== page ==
Thousands protest G-8 Summit, Germany, June 2007

Huge puppets with different globalization themes and red balloons demanding debt cancellation for poor countries led a large colourful march on Saturday, June 2nd, to protest the G-8 meeting near Rostock, northern Germany. Later police and some demonstrators clashed. The ensuing violence dominated press reports. See video and text reports.

Archive: women and global justice


Women in Action at the World Social Forum
From January 27 to February 1, The 2009 World Social Forum (WSF) was held in Belem do Pará, Brazil. This open space -- plural, diverse, non-governmental and non-partisan -- brings together people from all over the planet to stimulate decentralized debate, reflection, proposal building, experience exchange and alliances among movements and organizations engaged in concrete actions towards a more solidarity-based, democratic and just world...
Video: World Social Forum 2009 Parade Global March Of Women


WLOE and the G-8, June 2007
As the official Group of 8 Summit began, there were successful, peaceful and strong blockades of various routes to the Heiligendamm meeting site. Some 13,000 people participated in a number of blockade actions from June 6-8, drawing the media’s attention to G-8 policies. The goal of the Call for action against the G-8 was to delegitimize it through actions and analysis. They called for a physical challenge through non-violent direct action, saying that those meeting behind the almost $17 million (€12,5 million) fence had no right to be discussing the fate of the world. An alternative summit was organized to talk about issues of trade, justice, war and peace, why we think they are important and what we can do about them. There was an African counter-summit as well. Parallel to the G-8 in Germany, Mali's African Coalition for Debt and Development, which groups about 60 non-governmental organisations, brought together 1,000 small farmers and activists from West African countries to discuss and protest western subsidies, unfair debt, insufficient development aid and World Bank and IMF policies.

At the opening demonstration on June 2nd, between 30-80,000 people highlighted various aspects of globalization and the problems it has created. At the end of a peaceful and diverse, multi-issue oriented march and rally there was an unfortunate clash between police and some groups in the demonstration. The media the next day focused on stone throwing youths and the number of police injured (later revealed as greatly exaggerated). What the world missed then was the passion and creativity of the people and groups working against a world economy run by corporations and directed by presidents sitting “behind the fence.”Happily, the following week showed the intensity of popular disagreement with the policies of the G-8, World Trade Organization, World Bank and International Monetary Fund – in all, the neo-liberal pantheon that has brought war, destruction, poverty and dependence.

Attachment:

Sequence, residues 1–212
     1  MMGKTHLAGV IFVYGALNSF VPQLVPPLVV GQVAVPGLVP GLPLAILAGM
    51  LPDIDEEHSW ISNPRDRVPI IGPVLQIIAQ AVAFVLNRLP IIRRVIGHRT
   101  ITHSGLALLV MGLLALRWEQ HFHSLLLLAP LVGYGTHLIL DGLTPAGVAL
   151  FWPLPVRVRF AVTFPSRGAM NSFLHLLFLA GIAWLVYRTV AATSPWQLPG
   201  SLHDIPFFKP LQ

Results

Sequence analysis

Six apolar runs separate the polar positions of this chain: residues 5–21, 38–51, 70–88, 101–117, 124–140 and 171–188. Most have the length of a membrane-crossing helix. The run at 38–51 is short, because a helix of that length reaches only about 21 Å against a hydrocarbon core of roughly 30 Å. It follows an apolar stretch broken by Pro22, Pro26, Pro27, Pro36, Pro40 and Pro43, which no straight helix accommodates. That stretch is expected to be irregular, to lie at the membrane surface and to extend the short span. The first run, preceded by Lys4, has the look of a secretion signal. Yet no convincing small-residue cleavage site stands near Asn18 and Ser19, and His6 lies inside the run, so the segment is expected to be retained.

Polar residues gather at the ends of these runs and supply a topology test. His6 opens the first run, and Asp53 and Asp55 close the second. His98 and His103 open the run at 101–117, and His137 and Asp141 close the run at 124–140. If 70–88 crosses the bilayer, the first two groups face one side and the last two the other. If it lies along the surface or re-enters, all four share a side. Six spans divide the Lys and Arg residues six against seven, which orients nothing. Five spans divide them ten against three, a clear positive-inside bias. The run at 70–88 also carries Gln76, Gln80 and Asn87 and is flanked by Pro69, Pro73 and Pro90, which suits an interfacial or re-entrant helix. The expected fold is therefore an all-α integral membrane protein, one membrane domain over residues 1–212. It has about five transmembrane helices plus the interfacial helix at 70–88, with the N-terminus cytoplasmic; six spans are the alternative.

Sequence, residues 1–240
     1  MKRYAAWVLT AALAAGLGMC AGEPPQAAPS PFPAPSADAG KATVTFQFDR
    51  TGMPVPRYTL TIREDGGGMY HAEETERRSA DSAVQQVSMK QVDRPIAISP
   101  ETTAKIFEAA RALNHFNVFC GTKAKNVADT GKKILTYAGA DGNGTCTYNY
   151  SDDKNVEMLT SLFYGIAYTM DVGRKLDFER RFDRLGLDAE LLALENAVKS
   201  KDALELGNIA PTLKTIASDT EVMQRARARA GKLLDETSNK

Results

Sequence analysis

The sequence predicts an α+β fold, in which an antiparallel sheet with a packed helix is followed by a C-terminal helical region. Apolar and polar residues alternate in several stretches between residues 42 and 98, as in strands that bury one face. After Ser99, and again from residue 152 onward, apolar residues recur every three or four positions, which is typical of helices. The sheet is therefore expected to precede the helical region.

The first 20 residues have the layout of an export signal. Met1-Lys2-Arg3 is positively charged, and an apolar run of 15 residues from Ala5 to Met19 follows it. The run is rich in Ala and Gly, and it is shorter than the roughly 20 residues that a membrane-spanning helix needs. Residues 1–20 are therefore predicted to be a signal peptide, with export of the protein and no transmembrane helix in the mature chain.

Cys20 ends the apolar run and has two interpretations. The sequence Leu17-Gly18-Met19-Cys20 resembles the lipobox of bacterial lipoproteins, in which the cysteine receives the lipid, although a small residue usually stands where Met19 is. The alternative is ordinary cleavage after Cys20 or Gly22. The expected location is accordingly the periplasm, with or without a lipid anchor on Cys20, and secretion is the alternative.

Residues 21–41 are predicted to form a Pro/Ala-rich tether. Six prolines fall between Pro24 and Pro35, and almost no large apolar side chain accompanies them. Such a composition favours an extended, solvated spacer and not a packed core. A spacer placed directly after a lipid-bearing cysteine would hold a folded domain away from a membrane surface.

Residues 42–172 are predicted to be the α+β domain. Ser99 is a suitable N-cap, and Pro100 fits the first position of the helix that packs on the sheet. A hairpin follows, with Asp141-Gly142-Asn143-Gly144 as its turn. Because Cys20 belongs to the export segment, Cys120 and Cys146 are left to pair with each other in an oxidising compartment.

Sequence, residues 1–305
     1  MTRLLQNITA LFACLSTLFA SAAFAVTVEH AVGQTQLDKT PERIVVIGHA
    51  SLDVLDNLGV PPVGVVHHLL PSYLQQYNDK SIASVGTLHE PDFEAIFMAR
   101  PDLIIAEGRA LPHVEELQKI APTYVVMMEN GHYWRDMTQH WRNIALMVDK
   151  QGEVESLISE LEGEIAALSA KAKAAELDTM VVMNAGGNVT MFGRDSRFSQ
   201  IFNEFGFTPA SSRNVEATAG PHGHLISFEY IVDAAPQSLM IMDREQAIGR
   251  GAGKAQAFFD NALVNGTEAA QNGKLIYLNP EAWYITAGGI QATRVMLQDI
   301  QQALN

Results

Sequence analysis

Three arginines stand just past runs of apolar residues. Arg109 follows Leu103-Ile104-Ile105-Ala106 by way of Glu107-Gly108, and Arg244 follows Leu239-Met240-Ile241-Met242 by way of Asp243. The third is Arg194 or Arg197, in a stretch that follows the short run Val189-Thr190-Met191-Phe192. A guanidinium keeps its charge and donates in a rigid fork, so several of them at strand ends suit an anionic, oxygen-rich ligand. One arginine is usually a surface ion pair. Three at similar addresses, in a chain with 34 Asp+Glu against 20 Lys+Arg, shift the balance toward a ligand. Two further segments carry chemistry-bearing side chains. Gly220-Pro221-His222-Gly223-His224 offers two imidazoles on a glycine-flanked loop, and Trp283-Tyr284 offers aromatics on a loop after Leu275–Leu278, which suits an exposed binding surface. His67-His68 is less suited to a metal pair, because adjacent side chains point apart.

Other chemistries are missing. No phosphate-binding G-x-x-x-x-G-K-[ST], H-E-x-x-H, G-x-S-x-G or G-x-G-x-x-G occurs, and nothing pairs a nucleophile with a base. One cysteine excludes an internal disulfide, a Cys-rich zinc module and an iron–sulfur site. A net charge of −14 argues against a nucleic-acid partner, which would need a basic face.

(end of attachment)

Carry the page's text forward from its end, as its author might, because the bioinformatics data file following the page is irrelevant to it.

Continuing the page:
At our Women and Life on Earth workshop on “Feminist Perspectives and Action on Migration and Global Trade,” the issues of women and migration and women and the global economy were addressed in a lively discussion. The issue of migration was one of the major focal points of the week, with a day of action on the issues and panels where African activists and others testified to various aspects of the problem: economic, legal, political. We will be documenting our workshop and others on this issue on our website.


Arundhati Roy on India, Iraq, U.S. Empire and Dissent. The Indian writer-activist was interviewed for an hour on Amy Goodman's radio show Democracy Now! broadcast on Tuesday, May 23rd, 2006. The link is to the written on-line transcript of the show, which is a wide-ranging discussion on the effect of neo-liberal globalization and politices in India; the visit of G.W. Bush and his encouragement of Indian nuclear development; dam-building; the war in Iraq; occupation there and in Kashmir; the role of the artist and dissent.

World Social Forum 2006: Bamako (Mali); Caracas (Venezuela); Karachi (Pakistan). The Forum movement began in 2001 when activists met to counter the annual gathering of heads of government and industry in Davos, Switzerland. In 2006 meetings are being held on each continent, for a 'polycentric' forum. Forums in Bamako and Caracas were held in late January, the Karachi meeting will be delayed until March because of the earthquake devastation.

See an interview with a key organizer of the Bamako forum, Dr Aminata Dramane Traoré, and a description of Bamako and workshops on women's concerns by Ana Agostino. An excellent listing of articles and reports on the forum in Mali is at "a portal on Southern civil societies."

A report from Caracas on BBC shows US peace activist Cindy Sheehan participating. We have a report on the Caracas meeting on our WLOE/Spanish section.

See a recent analaysis in The Nation magazine: (March 6, 2006 issue) The World Social Forum: Protest or Celebration? by Michael Blanding.

Bolivia Cheers Its New President by Juliette Beck, Yes! Magazine
February 2006: Evo Morales promises changes in historic inaugural.


Women Say "No" to the WTO: A MADRE Statement on the Sixth Ministerial Meeting of the World Trade Organization, December 2005.

Landmark Victory in World’s First Case Against Biopiracy!
The Neem tree and its valuable products are protected as a traditional community resource.